The Sheffield City Region LEP (SCR) uses LMI in its annual labour market analysis documents (an example is here). These use data on numbers in employment by sector and occupations, births and deaths of organisations, qualifications, employer recruitment difficulties and skill use to set out city-level skills shortages and changing occupational profiles along with sector, occupation and skill projections. The key findings are presented with clear graphics that increase the accessibility of the work, and have fed into city-wide labour market programmes, including those aiming to increase the skills of the existing workforce, such as the Skills Made Easy programme and the Skills Bank pilot.
The Skills Bank pilot is designed around LMI that used the above variables to identify nine main sectors within the LEP that are of growing importance to the local economy (in terms of jobs provided and productivity) but have current skill shortages that hamper their economic contribution to the City Region. To try and overcome these identified skilled shortages the LEP has designed a pilot that will provide training grants for employees aged 19 or over who are employed in one of these nine main growth sectors. Applications for the grants need to come from SFA-registered training providers operating in partnership with local businesses, and to demonstrate that the proposed training is clearly aligned with the growth ambition of the businesses involved. These requirements aim to ensure funds are targeted only at reducing current skill gaps in key sectors, which could not have been identified without the LEP’s LMI.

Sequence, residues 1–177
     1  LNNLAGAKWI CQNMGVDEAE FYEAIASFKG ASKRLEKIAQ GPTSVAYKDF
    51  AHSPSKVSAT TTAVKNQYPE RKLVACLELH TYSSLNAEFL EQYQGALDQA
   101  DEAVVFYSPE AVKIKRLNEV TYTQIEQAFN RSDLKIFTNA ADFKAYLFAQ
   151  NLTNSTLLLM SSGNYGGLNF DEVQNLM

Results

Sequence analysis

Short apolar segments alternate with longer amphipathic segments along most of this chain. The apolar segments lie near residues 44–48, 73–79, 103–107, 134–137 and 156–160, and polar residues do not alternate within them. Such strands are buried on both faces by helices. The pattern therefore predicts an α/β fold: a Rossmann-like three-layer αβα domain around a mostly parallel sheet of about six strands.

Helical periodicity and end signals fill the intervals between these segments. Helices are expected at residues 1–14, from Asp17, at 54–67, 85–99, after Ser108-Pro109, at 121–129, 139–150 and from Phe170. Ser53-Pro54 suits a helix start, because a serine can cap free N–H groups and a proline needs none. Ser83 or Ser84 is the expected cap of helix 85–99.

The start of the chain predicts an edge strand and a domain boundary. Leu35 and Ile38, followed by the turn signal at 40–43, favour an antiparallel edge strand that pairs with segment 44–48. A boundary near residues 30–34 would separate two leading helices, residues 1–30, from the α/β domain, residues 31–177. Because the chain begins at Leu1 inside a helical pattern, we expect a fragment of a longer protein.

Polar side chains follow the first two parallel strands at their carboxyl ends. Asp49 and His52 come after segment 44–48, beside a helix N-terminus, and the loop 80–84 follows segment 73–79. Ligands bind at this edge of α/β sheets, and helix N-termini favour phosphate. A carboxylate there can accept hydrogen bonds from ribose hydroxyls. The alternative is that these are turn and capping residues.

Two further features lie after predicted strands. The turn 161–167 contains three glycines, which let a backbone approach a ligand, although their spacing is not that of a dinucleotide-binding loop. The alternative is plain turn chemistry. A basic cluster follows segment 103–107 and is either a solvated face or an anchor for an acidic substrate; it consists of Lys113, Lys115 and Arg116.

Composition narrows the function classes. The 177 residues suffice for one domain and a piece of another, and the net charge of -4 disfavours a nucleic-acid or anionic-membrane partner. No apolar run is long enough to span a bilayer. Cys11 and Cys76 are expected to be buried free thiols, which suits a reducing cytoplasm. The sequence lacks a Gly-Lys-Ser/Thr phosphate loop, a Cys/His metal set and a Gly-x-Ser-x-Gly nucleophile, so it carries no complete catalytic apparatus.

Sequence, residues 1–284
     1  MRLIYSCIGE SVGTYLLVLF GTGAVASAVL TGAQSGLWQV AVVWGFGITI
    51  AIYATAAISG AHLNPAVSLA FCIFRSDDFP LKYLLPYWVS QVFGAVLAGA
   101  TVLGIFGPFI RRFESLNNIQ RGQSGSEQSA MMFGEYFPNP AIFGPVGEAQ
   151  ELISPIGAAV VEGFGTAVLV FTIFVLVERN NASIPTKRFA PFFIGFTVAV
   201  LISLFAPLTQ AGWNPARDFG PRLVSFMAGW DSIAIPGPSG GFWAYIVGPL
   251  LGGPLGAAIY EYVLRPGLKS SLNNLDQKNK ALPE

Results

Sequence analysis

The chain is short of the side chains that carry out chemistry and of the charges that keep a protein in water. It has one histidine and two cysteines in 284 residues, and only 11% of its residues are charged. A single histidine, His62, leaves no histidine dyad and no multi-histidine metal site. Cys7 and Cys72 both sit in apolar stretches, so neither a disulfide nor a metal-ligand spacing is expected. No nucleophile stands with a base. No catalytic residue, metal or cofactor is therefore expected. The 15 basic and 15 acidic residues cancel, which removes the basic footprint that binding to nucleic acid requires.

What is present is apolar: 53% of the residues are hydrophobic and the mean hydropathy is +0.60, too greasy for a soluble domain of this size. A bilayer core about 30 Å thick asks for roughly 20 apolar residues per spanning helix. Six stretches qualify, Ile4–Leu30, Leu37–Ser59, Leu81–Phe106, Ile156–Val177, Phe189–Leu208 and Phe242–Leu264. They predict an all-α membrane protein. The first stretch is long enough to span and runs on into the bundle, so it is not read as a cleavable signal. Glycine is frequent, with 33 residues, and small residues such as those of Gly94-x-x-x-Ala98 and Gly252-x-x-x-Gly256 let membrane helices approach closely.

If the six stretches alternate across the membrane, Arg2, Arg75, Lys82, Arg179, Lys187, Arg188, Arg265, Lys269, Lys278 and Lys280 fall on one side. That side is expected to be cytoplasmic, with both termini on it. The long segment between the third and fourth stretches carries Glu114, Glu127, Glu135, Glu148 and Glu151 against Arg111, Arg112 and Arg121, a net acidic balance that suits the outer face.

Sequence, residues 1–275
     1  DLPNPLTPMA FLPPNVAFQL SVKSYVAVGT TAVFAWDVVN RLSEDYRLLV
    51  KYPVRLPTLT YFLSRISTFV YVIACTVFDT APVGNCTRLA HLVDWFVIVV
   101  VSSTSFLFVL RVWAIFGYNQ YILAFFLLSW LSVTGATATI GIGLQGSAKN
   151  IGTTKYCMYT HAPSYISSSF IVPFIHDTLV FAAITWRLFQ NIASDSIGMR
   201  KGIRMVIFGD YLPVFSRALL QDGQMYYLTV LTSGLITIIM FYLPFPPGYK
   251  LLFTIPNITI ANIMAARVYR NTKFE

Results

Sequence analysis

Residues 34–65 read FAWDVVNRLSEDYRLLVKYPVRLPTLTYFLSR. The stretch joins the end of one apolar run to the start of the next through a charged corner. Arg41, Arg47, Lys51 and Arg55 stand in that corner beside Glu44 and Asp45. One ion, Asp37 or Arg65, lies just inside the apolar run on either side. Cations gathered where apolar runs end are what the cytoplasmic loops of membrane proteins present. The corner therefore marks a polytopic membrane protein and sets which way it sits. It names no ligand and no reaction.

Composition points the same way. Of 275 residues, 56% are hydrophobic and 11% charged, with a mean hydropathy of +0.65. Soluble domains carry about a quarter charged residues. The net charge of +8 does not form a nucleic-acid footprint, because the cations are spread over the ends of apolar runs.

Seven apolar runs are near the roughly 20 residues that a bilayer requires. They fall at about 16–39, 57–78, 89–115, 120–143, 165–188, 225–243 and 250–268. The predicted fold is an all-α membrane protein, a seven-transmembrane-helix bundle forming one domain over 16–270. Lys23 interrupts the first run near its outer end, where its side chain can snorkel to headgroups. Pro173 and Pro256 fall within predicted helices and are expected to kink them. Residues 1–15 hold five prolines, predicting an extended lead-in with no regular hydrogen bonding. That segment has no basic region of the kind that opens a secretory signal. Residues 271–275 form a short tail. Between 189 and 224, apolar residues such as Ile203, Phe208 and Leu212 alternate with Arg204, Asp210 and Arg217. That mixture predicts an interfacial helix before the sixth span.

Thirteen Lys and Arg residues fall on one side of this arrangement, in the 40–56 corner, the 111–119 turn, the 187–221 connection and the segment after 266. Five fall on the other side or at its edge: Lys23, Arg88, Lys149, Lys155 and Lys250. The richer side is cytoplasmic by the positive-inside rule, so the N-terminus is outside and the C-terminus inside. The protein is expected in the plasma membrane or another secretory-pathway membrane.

The Skills Made Easy initiative is designed to assist organisations with identifying their training needs through gathering LMI directly relevant to that organisation. Information on the individual organisation’s current skills usage and skill gaps, its future aims and skills needed to fulfil these is obtained through discussion and interviews with the organisation. The programme then offers support in designing and incorporating a training programme to overcome any issues, which may include designing an apprenticeship scheme. SCR acts as a broker in these cases, seeking applications from providers to deliver apprenticeship frameworks that match the identified training needs of the organisation. In this way SCR ensures that relevant, timely LMI feeds into employer’s training strategies and the design of training courses. To date, 15 new apprenticeship frameworks have been created as a result of this programme, and organisations feel they are more suited to their needs than the national apprenticeship frameworks. Given that the core aim is to eliminate large skills gaps in key growth sectors, to date approximately one third of all apprenticeship and upskilling done through the programme has been related to the manufacturing sector.